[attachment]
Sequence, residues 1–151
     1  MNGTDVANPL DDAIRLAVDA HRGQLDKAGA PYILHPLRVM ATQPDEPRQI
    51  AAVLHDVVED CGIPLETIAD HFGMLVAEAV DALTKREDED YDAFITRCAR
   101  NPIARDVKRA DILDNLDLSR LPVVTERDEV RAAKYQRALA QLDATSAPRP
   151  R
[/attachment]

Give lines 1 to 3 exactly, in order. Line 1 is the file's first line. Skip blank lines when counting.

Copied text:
Sequence, residues 1–151
     1  MNGTDVANPL DDAIRLAVDA HRGQLDKAGA PYILHPLRVM ATQPDEPRQI
    51  AAVLHDVVED CGIPLETIAD HFGMLVAEAV DALTKREDED YDAFITRCAR